Border region economy takes double hit


The Texas economy has already taken a double hit from a pandemic-driven recession and devastating oil bust. To those setbacks, add one more: a rapidly shrinking Mexican economy.

Few states are tied as closely to Mexico’s fortunes as Texas, which shares a 1,254 mile border and conducts some $300 billion a year in trade with its southern neighbor. Mexico is, by far, the state’s biggest export market, while the tens of thousands of Mexicans who cross into Texas each day to work, shop, and spend drive a border economy that supports hundreds of thousands of jobs.

Mexico’s economy has been battered by the coronavirus pandemic, adding to existing economic challenges such as widespread poverty that forecast a slow, painful recovery. The Mexican economy is expected to shrink by 12 percent this year — about triple the contraction projected in the United States — and grow less than 1 percent next year, according to Mexico’s central bank.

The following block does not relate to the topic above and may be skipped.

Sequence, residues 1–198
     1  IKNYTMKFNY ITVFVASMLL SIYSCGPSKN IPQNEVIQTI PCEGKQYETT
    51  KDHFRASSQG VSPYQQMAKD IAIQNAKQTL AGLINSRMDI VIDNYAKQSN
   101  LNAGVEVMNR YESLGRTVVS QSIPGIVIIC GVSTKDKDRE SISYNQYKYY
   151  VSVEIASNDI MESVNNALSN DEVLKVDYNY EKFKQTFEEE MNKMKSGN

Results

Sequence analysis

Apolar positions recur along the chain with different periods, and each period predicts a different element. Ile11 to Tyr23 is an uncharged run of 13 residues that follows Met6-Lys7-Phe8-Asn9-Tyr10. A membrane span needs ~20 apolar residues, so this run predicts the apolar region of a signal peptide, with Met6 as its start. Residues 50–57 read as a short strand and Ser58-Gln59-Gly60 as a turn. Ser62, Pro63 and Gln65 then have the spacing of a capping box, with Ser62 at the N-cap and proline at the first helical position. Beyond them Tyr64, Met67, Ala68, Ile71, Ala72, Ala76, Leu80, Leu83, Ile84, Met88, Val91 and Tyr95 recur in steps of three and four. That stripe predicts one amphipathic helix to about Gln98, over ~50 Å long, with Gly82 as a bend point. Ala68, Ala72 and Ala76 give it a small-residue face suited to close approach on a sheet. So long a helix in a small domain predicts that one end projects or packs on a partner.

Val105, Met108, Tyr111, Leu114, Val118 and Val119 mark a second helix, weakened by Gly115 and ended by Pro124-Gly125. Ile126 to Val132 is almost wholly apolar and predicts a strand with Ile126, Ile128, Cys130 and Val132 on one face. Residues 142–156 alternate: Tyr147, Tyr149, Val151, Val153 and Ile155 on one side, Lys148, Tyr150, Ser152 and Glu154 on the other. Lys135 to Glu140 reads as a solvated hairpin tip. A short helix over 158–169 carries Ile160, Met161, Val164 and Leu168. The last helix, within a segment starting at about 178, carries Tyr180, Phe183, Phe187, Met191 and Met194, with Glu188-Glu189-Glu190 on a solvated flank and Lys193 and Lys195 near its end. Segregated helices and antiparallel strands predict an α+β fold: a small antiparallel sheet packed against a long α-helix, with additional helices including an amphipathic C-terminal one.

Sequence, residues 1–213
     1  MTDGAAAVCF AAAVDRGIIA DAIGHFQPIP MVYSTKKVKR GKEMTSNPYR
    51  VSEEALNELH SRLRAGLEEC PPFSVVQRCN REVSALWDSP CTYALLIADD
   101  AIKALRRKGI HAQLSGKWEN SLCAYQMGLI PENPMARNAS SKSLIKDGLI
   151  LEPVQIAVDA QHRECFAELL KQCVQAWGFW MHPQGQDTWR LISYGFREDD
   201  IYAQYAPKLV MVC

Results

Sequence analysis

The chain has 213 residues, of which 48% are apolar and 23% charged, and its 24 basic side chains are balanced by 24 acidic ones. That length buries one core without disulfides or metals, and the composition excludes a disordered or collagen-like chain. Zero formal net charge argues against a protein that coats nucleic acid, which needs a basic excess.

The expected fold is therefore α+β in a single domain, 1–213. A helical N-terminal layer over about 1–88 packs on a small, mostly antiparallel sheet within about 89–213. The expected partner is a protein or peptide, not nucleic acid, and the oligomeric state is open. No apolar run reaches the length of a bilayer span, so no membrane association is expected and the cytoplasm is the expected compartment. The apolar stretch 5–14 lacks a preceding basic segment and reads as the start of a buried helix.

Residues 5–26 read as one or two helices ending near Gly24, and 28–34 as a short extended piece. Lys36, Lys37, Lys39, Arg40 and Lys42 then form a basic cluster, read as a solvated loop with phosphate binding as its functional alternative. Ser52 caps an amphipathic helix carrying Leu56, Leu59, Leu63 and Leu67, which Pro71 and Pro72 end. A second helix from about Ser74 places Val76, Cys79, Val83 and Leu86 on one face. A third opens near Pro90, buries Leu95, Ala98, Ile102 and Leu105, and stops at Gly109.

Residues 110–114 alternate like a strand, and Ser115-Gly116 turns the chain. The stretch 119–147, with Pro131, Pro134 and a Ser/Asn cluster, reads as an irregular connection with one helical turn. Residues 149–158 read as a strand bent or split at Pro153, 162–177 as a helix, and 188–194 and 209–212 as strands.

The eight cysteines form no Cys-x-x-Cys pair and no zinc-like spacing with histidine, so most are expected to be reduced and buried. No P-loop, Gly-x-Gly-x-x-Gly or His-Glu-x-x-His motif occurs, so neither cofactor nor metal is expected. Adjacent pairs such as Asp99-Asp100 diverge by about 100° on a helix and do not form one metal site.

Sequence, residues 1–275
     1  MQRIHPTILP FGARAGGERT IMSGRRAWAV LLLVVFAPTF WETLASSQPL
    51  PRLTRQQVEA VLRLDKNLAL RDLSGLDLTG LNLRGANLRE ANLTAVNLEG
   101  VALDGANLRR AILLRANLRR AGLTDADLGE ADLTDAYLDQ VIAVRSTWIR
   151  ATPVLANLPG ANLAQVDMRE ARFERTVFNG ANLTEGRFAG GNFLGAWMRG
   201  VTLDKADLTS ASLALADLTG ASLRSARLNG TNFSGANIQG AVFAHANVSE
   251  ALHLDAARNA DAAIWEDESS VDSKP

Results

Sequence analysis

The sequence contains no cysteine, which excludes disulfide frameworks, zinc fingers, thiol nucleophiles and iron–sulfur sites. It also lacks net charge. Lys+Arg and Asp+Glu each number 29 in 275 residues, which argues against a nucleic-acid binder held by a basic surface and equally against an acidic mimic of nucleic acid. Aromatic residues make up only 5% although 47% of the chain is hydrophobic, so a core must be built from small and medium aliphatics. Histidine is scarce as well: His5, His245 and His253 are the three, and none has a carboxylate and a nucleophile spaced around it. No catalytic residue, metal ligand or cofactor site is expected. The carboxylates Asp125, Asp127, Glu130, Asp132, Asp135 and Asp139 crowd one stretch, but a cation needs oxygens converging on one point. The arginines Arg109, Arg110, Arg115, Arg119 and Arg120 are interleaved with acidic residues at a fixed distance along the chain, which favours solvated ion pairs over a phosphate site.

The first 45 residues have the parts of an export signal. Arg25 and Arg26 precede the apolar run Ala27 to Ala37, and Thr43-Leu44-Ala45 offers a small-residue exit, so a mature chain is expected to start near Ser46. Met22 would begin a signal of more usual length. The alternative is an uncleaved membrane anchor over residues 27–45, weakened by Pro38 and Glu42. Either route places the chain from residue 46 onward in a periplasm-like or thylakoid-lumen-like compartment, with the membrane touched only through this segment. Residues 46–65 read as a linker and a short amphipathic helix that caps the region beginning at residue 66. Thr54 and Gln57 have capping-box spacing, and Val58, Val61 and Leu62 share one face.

A man walks through an empty terminal at the George Bush Intercontinental in Houston, Texas in June 2020, during the coronavirus pandemic. Photo: Getty

“The thing we have to remember is that Texas and Mexico are joined at the hip economically,” said Tony Payan, the director of the Mexico Center at Rice University. “There is no reason to believe that Texas will not experience the crunch that it has in every other crisis that has happened in Mexico.”

The 2008 financial crisis provides an example. From July 2008 to January 2009, trade between the U.S. and Mexico fell $56 billion to $32 billion — a plunge of 43 percent in just six months, according to statistics from Mexico’s National Institute of Statistics and Geography. Mexico’s economy contracted at a 10 percent annualized rate in the fourth quarter of 2008.

The sharp downturn in Mexico’s economy and trade, meanwhile, contributed to the decline in economic activity in Texas, analysts said. Retail sales in the state fell 9 percent from 2008 to 2009 while the oil and gas industry’s output fell 16 percent, according to data from the Texas Comptroller.

Texas and Mexico’s economies have only become more intertwined over the past decade. For example, each $1 of products that Mexico exports contains about 40 cents of materials made in the United States — a share that is growing.

The Chihuahua Post